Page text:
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3.40  ·  Rating details ·  126 ratings  ·  23 reviews
Penelope Fitzgerald wrote: ‘If I could have back one of the many Winifred Peck titles I once possessed I would choose House-Bound. The story never moves out of middle-class Edinburgh; the satire on genteel living, though, is always kept in relation to the vast severance and waste of the war beyond. The book opens with a grand comic sweep as the ladies come empty-handed awa ...more
Paperback, 304 pages
Published 2007 by Persephone Books (first published October 1942)
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Sep 05, 2013 rated it really liked it
I always feel as if I’m in safe hands when I pick up a Persephone book – it’s rare I’m ever disappointed and then usually only slightly. I was right; this is another of those Persephone books about a family that I generally find I love so much. On the face of it House-Bound is a novel about an upper middle- class woman who suddenly has to manage her rather unmanageable house herself, as her remaining staff leave to undertake war work. However it is of course about rather more than that.

Set in Ed
Oct 11, 2018 rated it really liked it
Shelves: 18tbr, fiction, persephone
With Britain at war, difficulties finding servants seem trivial to Rose, compared to the dangers faced by her two sons, one in the Air Force and one in the Army, so she decides to take on the housework herself — cleaning, cooking, making the fires, answering the constantly ringing door, etc. — as her contribution to the war effort. While this might seem unheroic to a modern reader, Rose’s task is complicated by her inexperience (should vegetables be washed with or without soap?), a large and inc ...more
Aug 26, 2017 rated it really liked it
An eye-opening account of one woman's transition during WWII from a house staffed by servants to a house run by herself. Since I run my own house, I was inclined in the beginning to poke fun at her, but I never realized what a pain it would be, when you were raised to be a lady with no practical education, to take care of a house that was designed to be staffed by servants. Her kitchen isn't in the middle of everything like mine is, it's in the basement and you have to carry everything up and do ...more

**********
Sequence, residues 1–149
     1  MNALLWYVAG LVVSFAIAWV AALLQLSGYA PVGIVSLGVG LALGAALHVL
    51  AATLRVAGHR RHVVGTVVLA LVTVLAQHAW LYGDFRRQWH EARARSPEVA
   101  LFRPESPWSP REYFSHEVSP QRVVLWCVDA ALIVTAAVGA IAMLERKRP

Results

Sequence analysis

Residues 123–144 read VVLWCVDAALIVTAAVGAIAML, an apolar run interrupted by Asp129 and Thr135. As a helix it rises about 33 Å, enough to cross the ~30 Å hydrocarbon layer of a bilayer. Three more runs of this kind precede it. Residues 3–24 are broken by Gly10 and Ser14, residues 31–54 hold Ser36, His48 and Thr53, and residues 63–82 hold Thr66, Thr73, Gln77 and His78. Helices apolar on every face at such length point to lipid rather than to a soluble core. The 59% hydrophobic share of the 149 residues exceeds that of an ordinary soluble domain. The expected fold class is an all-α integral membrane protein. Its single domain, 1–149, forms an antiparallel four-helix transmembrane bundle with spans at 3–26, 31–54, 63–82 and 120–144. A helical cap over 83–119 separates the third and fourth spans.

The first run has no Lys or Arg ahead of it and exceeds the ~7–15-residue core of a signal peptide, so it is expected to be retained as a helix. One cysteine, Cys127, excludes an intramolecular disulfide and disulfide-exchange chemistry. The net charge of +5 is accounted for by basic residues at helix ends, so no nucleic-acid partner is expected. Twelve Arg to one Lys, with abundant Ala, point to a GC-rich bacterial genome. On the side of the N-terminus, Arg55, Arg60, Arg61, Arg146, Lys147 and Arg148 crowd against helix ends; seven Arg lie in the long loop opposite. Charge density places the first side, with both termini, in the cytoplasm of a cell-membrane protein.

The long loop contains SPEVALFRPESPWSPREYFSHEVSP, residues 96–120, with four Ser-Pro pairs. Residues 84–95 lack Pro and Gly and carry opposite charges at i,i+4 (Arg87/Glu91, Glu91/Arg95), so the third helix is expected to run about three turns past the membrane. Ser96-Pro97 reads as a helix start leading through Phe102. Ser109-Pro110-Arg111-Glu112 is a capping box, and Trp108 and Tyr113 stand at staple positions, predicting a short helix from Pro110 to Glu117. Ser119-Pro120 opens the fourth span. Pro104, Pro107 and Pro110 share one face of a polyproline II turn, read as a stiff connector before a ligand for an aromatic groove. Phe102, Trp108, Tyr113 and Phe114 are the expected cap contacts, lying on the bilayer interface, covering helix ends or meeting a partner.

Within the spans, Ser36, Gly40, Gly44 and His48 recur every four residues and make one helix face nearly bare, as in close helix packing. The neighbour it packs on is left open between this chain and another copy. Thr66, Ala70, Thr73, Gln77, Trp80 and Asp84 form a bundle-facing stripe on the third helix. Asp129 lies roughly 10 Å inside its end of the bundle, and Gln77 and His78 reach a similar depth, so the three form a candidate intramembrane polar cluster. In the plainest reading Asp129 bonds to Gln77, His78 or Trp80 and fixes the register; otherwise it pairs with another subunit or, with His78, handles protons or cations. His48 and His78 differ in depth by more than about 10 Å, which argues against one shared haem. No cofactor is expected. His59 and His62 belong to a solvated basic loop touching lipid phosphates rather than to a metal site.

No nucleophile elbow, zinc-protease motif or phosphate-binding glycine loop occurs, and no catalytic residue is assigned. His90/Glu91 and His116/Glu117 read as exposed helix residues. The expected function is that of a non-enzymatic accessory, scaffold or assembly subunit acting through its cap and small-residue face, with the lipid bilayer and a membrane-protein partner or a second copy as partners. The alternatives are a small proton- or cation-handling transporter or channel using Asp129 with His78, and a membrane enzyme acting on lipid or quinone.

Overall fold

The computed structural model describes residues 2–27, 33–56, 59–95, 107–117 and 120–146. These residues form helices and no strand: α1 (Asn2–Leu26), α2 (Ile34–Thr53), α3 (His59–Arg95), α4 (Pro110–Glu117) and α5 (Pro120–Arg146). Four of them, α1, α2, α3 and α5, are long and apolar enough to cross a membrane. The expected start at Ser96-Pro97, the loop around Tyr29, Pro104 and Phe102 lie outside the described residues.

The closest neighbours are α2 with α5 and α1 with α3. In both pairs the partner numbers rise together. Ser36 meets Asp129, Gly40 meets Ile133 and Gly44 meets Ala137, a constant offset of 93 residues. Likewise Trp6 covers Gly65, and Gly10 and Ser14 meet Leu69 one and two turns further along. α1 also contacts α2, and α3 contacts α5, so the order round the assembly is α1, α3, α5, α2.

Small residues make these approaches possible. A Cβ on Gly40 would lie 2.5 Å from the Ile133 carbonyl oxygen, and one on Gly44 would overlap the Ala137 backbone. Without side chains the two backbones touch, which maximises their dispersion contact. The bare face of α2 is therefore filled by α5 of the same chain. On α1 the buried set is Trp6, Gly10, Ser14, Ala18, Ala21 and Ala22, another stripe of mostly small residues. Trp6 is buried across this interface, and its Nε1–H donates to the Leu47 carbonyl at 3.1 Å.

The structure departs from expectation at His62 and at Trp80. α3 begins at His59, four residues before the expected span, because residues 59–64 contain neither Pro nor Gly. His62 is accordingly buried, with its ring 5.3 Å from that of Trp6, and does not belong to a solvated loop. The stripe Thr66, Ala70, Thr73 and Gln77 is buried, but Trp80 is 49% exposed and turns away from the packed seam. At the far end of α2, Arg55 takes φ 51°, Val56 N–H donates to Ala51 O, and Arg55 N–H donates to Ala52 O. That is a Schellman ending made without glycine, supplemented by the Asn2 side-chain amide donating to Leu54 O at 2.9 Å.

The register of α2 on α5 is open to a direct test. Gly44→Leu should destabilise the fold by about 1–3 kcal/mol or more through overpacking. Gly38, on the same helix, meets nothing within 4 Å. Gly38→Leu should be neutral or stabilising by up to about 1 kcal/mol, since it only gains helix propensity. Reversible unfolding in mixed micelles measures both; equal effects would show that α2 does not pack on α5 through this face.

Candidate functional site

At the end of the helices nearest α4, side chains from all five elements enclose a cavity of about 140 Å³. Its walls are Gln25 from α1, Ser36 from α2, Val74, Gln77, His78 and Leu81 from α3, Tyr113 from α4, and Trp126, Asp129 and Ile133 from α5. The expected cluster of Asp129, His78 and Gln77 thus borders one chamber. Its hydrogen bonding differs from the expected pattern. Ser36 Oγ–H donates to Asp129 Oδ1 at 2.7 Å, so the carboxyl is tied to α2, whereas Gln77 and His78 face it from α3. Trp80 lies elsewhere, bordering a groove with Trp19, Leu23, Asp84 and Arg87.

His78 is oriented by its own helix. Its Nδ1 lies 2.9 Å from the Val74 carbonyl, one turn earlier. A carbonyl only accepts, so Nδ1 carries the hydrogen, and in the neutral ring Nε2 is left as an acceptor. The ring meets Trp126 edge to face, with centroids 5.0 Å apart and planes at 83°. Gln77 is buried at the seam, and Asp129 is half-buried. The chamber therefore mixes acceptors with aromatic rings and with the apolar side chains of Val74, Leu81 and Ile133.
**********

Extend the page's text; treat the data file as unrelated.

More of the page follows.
May 19, 2014 rated it it was ok
Shelves: middlebrow
I found the premise of this book very promising; Rose, an upper-middle class woman in 1940s Scotland who cannot get any servants decides to take on the care of her own home, and begins the struggle to understand both the practical realities of the work, and also what it means that she feels she must 'keep up a standard' which is about the flowers on the table rather than the labour that puts them there.

This was good, and the human relationships were interesting, and I was enjoying it, but (view
Jan 23, 2012 rated it really liked it
Shelves: persephone
I think it's quite hard for us these days to relate to an Edinburgh woman who was brought to her knees by having to do her own housework after a lifetime of assuming there would always be somebody to do it for her. These days, even the upper classes have to make sure kids of both sexes have some idea how to cook before they go off to university, but before the second world war, for people of a certain class,it was unthinkable. Rose Fairlaw is of that class and when she finds she has to cope with ...more
Jun 03, 2008 rated it liked it
The story was a little awkward and unintentionally strange, but I loved it anyway. Written during WWII and set in "Castleburgh" (Edinburgh), it’s full of apprehensive ruminations about the new world order. (In that way, it reminded me a bit of A House in the Country, the Jocelyn Playfair novel that Annette’s friend Alison gave me, thus starting my whole obsession with Persephone Books.) The main character is Rose, and Rose’s daughter, Flora, is one of the most unpleasant people I’ve ever met in ...more
Jan 02, 2014 rated it it was amazing
What a lovely book.
Set in a middle class family in Edingburgh at the time of WW2.
All the servants have left or gone to the munitions factory.
Rose the mistress of the house finds herself with no servants so she takes on the house herself.
Having never done any housework this is so funny.
There is so much more to this book with the children and sad times of loss.
It was a very enjoyable book and I loved it.
Nov 03, 2013 rated it liked it
Shelves: persephone
In a weird way, I wanted more about the actual cleaning and caring for the house.
Oct 17, 2017 rated it really liked it
Edinburgh 1941. No more servants. So how do you get from a potato, dirty and solid, to something that comes out of the oven roasted and crackly on the outside, soft and delicious on the inside? And how do you cope with WW2, and the things that happen? Shows it's age, but definitely worth reading.